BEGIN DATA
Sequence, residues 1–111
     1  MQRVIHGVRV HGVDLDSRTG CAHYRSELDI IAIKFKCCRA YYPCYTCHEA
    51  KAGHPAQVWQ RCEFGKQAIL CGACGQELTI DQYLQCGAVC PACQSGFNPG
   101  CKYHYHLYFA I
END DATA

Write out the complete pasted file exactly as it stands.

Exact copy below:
Sequence, residues 1–111
     1  MQRVIHGVRV HGVDLDSRTG CAHYRSELDI IAIKFKCCRA YYPCYTCHEA
    51  KAGHPAQVWQ RCEFGKQAIL CGACGQELTI DQYLQCGAVC PACQSGFNPG
   101  CKYHYHLYFA I